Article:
Digitally enhanced images of the slate are helping to isolate inscriptions and illuminate fine details on the slate—the first with extensive inscriptions discovered at any early American colonial site, said William Kelso, director of research and interpretation at the 17th-century Historic Jamestowne site.
The enhancements have helped researchers identify a 16th-century writing style used on the slate and discern new symbols, researchers announced last week. The characters may be from an obscure Algonquian Indian alphabet created by an English scientist to help explorers pronounce the language spoken by the Virginia Indians.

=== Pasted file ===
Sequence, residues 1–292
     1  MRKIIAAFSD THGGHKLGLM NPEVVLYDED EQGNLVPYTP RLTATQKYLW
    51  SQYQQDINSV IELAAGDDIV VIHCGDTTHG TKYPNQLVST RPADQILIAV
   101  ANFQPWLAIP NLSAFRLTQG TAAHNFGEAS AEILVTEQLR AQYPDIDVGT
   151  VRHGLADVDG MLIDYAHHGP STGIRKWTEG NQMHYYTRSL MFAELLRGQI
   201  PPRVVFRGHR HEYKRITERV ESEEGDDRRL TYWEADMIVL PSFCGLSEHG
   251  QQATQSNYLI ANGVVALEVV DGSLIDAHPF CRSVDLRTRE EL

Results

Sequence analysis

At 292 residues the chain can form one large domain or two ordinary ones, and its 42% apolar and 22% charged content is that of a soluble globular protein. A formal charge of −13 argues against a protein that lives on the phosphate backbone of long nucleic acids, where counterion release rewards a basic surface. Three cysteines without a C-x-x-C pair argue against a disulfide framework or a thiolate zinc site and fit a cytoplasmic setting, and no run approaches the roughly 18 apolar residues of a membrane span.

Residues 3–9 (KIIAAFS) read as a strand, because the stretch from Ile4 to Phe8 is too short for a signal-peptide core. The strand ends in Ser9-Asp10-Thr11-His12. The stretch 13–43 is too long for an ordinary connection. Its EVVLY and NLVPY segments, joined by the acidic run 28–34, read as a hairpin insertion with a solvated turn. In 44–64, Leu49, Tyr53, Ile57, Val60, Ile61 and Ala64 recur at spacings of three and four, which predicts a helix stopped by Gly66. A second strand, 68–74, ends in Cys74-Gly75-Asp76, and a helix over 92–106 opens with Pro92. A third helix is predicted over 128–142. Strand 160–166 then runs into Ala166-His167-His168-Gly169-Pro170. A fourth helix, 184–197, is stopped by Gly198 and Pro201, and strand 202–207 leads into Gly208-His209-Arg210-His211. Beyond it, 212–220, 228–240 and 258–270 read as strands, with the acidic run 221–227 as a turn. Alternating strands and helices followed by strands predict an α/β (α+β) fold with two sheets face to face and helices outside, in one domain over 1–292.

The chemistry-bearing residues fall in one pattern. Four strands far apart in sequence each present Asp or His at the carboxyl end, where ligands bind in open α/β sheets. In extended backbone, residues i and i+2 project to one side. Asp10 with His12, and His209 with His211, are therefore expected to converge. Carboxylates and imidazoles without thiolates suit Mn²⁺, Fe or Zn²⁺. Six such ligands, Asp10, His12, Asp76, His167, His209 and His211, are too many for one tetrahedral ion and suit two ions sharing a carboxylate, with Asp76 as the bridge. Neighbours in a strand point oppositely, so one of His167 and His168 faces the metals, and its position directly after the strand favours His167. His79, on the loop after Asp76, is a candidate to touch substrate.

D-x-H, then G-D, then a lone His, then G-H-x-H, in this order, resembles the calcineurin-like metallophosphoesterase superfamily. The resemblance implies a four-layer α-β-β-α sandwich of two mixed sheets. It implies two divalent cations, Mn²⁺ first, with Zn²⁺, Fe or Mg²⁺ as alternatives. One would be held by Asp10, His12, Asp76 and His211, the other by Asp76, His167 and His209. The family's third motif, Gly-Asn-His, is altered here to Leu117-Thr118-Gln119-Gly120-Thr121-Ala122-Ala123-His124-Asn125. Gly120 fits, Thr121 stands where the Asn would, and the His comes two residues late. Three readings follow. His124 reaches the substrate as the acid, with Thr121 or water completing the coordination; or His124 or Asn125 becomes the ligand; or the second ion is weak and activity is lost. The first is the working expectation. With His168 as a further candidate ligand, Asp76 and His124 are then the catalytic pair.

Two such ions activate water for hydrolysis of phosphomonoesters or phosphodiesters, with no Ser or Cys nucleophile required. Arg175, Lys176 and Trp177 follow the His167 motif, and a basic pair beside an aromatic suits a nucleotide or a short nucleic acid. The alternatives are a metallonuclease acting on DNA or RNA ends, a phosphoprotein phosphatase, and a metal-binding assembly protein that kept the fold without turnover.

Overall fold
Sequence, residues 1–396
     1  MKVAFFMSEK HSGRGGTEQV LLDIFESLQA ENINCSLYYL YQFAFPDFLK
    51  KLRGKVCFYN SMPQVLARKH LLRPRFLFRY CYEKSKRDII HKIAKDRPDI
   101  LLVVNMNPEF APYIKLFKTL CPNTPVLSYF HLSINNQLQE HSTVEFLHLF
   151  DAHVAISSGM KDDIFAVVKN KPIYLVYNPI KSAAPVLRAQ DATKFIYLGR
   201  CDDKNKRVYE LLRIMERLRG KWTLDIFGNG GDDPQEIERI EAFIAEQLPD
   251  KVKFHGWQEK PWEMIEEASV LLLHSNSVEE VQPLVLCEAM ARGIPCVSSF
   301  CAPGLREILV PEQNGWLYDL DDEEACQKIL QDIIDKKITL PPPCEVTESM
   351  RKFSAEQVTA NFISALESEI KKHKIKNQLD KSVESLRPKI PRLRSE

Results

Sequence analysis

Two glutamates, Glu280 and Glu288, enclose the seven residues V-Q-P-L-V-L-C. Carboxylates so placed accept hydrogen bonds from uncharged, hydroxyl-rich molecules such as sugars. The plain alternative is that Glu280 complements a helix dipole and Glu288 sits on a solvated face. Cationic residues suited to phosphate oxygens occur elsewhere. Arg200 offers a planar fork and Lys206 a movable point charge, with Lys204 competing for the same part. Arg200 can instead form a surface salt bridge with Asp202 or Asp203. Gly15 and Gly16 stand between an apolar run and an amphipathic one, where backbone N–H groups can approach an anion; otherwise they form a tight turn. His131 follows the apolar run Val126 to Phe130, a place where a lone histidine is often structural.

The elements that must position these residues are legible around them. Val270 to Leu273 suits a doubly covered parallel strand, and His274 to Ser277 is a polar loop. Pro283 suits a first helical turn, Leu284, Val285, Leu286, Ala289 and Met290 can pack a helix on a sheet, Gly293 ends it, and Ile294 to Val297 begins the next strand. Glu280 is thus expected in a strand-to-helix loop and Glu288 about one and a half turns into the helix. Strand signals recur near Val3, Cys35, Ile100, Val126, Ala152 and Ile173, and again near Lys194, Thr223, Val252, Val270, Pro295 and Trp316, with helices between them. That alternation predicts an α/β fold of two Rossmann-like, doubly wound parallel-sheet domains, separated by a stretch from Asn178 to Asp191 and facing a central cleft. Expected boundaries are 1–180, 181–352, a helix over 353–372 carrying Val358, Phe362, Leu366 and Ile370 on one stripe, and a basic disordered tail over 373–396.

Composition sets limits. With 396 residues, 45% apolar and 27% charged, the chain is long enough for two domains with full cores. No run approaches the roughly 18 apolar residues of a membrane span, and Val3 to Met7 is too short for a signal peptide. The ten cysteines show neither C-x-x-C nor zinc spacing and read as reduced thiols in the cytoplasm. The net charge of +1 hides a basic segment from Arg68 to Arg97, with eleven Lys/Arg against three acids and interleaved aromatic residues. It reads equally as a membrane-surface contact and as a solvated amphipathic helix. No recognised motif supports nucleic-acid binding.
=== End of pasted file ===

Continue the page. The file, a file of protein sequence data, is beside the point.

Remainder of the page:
“Just like finding the Rosetta Stone led to a better understanding of the Egyptians, this tablet is beginning to add significantly to our understanding of the earliest years at Jamestown,” Kelso said. It conveys messages about literacy, art, symbols and signs personally communicated by the colonists who used it, he explained.